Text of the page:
The gospel of sin management vs. the gospel of new creation

22 You were taught, with regard to your former way of life, to put off your old self, which is being corrupted by its deceitful desires;23 to be made new in the attitude of your minds; 24 and to put on the new self, created to be like God in true righteousness and holiness. – Ephesians 4:22-24

In the book Mere Christianity C.S. Lewis asks the question: Is Christianity hard or easy? His response is that it is both hard and easy. It’s hard in that we’re called to give up our selves to follow Jesus – a nearly impossibly hard thing to do. It’s easy in the sense that God enables us to do it by giving us a new identity. It’s easier than doing what many of us try to do: trying to be good without doing the first step of having been made new.

C.S. Lewis puts it like this:

The terrible thing, the almost impossible thing, is to hand over your whole self – all your wishes and precautions – to Christ. But it is far easier than what we are all trying to do instead. For what we are trying to do is to remain what we call ‘ourselves’, to keep personal happiness as our great aim in life, and yet at the same time to be ‘good’. We are all trying to let our mind and heart go their own way – centered on money or pleasure or ambition – and hoping, in spite of this, to behave honestly and chastely and humbly. And that is exactly what Christ warned us you could not do. As He said, a thistle cannot produce figs. If I am a field that contains nothing but grass-seed, I cannot produce wheat. Cutting the grass may keep it short: but I shall still produce grass and no wheat. If I want to produce wheat, the change must go deeper than the surface. I must be ploughed up and re-sown. – Mere Christianity

What Lewis is describing here is what other authors have referred to as “the gospel of sin management.” The gospel of sin management says that following God is all about managing our sin, trying to control it, trying to get rid of what is bad and increase what is good. Now, I’m all for self-control, for less sin and more righteousness, but “the gospel of sin management” tries to get to this step first and by itself, as though we can simply will ourselves into moral perfection.

Lewis argues that we need to be made new creations. We need new identities. He likens it to being toy tin soldiers being made into real people. And, for that to happen, we need to have come in contact with the One truly real person: Jesus Christ.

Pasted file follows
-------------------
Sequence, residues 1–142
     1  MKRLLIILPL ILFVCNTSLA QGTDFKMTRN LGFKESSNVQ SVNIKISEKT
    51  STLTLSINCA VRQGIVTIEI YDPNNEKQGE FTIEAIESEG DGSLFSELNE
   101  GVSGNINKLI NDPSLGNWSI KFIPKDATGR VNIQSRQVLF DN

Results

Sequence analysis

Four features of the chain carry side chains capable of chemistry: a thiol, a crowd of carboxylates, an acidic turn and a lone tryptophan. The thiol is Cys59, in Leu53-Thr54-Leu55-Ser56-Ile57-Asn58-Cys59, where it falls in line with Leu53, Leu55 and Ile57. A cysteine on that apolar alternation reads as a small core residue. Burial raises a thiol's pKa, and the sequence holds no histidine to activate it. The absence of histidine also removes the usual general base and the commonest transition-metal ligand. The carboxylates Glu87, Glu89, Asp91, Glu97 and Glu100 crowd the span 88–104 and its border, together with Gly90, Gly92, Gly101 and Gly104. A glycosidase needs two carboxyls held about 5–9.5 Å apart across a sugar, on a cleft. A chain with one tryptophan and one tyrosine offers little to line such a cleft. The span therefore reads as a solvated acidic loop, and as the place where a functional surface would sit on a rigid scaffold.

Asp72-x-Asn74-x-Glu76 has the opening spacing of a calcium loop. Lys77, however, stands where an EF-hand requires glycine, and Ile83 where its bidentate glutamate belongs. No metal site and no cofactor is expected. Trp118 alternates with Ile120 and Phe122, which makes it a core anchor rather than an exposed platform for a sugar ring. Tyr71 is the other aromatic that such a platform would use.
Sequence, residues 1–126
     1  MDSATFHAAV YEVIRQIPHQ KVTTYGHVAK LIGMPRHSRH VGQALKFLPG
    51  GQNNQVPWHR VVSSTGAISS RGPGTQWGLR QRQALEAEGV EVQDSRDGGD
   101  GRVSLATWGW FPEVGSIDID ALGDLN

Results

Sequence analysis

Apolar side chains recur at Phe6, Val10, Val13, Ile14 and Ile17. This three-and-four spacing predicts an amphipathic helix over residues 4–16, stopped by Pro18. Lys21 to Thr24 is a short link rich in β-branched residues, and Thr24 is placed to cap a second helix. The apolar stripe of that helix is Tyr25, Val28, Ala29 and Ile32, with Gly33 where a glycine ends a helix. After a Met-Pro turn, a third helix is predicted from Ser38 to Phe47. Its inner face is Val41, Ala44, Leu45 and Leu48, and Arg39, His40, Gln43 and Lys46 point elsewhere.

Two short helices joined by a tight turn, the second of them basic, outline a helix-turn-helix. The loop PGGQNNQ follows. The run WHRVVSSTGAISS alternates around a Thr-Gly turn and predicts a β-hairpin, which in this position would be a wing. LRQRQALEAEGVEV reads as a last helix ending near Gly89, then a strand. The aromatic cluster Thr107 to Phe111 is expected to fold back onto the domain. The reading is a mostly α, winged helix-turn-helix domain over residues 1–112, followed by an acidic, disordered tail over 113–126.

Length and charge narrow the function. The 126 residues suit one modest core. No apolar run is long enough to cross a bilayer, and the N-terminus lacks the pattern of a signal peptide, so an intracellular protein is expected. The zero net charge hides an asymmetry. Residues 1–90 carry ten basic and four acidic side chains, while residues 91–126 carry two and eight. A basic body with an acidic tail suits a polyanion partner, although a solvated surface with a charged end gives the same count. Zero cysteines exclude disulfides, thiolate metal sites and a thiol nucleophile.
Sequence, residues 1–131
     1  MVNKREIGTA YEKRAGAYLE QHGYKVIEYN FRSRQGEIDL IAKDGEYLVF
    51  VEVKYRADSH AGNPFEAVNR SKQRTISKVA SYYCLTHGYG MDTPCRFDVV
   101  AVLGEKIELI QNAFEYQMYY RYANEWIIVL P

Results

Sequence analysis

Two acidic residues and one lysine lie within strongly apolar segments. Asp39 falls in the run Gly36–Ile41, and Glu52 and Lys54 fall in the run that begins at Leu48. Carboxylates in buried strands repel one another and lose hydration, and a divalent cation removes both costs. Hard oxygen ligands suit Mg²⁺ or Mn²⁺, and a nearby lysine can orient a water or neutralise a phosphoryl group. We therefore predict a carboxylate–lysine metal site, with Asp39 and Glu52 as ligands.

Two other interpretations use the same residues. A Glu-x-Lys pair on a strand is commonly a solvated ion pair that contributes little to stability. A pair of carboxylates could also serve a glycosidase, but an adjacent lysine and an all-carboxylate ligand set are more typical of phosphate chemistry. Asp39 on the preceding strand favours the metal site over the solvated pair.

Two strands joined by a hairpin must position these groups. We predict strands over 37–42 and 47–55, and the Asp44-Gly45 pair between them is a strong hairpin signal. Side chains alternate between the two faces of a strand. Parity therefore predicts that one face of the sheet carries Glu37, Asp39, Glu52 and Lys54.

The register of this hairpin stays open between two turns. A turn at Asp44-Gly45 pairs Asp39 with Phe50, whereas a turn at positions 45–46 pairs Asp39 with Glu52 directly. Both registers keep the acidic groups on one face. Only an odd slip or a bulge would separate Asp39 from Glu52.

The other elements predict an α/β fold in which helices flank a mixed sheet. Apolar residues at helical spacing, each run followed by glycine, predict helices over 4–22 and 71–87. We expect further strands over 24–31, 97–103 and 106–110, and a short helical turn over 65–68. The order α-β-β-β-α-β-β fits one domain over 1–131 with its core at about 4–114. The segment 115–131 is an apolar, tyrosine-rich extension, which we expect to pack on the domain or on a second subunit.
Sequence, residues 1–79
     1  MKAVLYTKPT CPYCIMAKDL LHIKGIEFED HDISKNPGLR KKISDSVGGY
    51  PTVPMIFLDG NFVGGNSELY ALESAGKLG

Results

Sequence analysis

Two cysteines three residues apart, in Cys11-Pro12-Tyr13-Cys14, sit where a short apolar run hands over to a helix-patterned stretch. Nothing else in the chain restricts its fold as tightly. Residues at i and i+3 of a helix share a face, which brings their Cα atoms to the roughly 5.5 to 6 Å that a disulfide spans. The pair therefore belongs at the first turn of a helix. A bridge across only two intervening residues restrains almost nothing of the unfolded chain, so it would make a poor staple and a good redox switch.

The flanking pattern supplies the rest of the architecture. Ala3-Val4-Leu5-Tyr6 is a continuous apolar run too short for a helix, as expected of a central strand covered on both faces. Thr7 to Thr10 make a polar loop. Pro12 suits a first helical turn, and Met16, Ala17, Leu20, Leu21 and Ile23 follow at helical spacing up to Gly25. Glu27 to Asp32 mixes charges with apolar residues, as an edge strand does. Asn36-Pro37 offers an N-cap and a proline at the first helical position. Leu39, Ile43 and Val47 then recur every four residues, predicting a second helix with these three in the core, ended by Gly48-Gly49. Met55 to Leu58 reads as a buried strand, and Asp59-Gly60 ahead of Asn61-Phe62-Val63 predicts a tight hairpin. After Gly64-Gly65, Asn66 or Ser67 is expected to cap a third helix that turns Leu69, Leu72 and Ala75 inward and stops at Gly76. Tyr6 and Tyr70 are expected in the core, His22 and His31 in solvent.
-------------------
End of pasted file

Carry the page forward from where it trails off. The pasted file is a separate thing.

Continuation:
His argument aligns perfectly with Ephesians 4:22-24 quoted above. In the passage Paul calls us to “put off the old self” and “put on the new self, created to be like God in true righteousness and holiness.” This isn’t just code for “try to do less bad and more good” but live in accordance with the new identity we have in Christ. This new identity is closely associated a new mindset, a new way of thinking and looking at the world.

Only after this inner transformation are we called to the transformation of our actions, to sin management. Again quoting Lewis: “It may be hard for an egg to turn into a bird: it would be a jolly sight harder for it to learn to fly while remaining an egg. We are like eggs at present. And you cannot go on indefinitely being just an ordinary, decent egg. We must be hatched or go bad.”

But what if we’ve already been saved, we’re already receiving the new life of Christ, and we are still often on the losing end of temptation in our lives? How then does this apply? Perhaps we need to shift to the idea of surrender. We need to surrender “ourselves”, our own desires, our own happiness, to the will of God, and live instead in accordance with who he is making us to be. As James 4:7 says “Submit yourselves, then, to God. Resist the devil, and he will flee from you.” Submission precedes resistance.

That is when self-control comes back into play – self-control as a fruit of the Spirit – as something that doesn’t arise from our own natures, but a supernatural gift from God, a natural outcome of living as new creations.

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What’s the role of the mind in overcoming sin?

How do we overcome sin, especially habitual sins which frequently defeat us? This is a challenge for many Christians and there are many different answers. I’m preparing for a sermon in a few weeks on Ephesians 4:27-24, verses which hold two major keys for victory over sin. One of those keys I want to talk about in this post: the importance of renewing our minds.

17 So I tell you this, and insist on it in the Lord, that you must no longer live as the Gentiles do, in the futility of their thinking. 18 They are darkened in their understanding and separated from the life of God because of the ignorance that is in them due to the hardening of their hearts. 19 Having lost all sensitivity, they have given themselves over to sensuality so as to indulge in every kind of impurity, and they are full of greed.

20 That, however, is not the way of life you learned 21 when you heard about Christ and were taught in him in accordance with the truth that is in Jesus. 22 You were taught, with regard to your former way of life, to put off your old self, which is being corrupted by its deceitful desires;23 to be made new in the attitude of your minds; 24 and to put on the new self, created to be like God in true righteousness and holiness. (Ephesians 4:17-24)

The first thing that struck me about this passage is how important right thinking is to Paul. Paul is urging the believers in Ephesus to “live a life worthy of the calling they have received” (4:1). That means a radical change, a departure from one way of life and entrance into another, a change of identity.